Once radiation or chemotherapy is underway, we will hold off on further expansion until the therapy is completed. Chemotherapy rarely impacts the result of tissue expansion in a negative way; the only disadvantage is that the expansion occurs over a longer time period, due to the pause during chemotherapy. Radiation therapy can be more problematic. Radiation can cause a production of extra scar tissue in the treated area. This means that the skin usually is stiffer than in someone who has not received radiation.
In some patients this stiffer tissue may resist the forces of tissue expansion and make it difficult for the surgeon to create an ideal breast shape with the expansion process. With tissue expansion the patient is an active participant in the decision as to when the optimum volume has been reached. There will typically come a point where the patient feels that the breast has achieved its proper size. If both breasts are undergoing reconstruction, both expanders are brought to the same volume. If one breast is reconstructed, the patient has a number of choices regarding the management of the opposite breast when the second stage of the reconstruction is carried out. If the opposite breast is large and heavy, it may be best to carry out a breast reduction. If the opposite breast is lacking in volume, particularly in its upper portions, it may be helpful for us to place an implant behind the breast in order to optimize the balance between the two breasts.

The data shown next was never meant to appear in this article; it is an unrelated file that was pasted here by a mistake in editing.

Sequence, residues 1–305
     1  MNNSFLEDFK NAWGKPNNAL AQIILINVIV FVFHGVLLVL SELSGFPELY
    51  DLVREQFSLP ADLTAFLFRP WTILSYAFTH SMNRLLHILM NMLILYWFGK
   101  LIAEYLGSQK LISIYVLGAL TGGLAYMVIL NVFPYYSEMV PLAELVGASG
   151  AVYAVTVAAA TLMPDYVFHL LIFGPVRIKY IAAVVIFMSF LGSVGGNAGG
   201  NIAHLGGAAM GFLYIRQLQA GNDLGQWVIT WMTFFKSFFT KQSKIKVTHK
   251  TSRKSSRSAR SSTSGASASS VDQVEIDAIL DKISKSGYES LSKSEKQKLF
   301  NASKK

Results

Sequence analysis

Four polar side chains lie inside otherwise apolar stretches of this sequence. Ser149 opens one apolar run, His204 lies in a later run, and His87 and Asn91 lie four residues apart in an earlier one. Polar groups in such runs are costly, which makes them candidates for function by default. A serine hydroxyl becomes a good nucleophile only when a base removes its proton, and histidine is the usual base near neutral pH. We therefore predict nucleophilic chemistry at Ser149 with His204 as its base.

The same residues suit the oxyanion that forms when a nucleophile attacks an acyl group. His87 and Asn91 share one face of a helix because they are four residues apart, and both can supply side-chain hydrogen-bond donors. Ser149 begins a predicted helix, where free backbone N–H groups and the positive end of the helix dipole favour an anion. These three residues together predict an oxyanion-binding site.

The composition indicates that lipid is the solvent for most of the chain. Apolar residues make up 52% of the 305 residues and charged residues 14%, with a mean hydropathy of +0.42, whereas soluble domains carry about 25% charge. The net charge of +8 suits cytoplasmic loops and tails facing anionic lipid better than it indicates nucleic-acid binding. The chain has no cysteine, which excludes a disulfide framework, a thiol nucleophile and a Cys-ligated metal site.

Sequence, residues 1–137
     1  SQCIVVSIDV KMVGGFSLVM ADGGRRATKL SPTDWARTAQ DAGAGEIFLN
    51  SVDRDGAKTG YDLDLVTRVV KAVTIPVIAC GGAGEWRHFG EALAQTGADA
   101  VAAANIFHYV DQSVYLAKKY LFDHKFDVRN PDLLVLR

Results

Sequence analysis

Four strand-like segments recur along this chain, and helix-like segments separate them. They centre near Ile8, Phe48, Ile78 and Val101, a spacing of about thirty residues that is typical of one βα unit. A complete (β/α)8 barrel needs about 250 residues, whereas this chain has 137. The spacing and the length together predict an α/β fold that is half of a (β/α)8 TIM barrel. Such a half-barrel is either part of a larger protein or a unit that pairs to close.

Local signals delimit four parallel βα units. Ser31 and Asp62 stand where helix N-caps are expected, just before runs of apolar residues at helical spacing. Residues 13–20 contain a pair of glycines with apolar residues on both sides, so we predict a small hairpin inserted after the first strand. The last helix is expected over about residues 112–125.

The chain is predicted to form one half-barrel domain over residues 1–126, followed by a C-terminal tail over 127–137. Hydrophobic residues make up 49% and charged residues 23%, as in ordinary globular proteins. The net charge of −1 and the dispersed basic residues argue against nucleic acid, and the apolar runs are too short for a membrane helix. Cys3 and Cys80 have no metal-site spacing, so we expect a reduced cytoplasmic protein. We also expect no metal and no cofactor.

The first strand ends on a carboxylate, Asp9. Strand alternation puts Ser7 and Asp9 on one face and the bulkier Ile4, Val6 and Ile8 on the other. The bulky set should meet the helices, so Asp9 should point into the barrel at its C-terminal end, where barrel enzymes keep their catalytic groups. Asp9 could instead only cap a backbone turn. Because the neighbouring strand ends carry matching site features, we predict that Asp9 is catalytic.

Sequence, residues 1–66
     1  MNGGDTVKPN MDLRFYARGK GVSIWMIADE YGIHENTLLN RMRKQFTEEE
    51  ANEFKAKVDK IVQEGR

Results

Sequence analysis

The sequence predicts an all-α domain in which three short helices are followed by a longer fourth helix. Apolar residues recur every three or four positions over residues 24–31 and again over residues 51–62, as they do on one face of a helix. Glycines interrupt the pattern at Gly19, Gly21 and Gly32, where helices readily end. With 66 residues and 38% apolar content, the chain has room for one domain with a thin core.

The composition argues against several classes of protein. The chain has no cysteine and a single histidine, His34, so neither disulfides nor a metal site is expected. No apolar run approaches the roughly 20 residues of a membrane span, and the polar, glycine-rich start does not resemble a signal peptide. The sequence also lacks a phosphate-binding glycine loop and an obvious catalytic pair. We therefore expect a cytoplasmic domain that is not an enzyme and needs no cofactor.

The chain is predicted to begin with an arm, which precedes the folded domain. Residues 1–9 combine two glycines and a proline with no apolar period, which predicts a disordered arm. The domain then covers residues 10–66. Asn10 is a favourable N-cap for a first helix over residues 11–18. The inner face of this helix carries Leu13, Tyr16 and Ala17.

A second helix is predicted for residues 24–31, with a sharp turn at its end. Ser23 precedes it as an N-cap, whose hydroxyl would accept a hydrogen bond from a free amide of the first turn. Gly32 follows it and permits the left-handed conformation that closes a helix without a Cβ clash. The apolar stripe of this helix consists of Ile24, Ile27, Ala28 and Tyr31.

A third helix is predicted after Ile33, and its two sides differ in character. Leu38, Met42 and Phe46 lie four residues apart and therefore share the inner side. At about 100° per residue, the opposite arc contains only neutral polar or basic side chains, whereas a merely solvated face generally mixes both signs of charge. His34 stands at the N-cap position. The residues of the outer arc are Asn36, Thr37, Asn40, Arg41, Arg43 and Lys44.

For some patients with a settled opposite breast, a mastopexy or breast lift may be helpful. There are also many patients who do not require any surgery of the opposite breast. Our goal is to provide each patient with a good background of information, so that she can select the proper combination of procedures for the second stage of surgery. Once the expander is brought to its optimum volume we carry out several more expansions to create extra space for the breast implant. The patient will then go through a resting period during which no further expansions are carried out. This period lasts from one to several months and allows the expanded tissue to relax.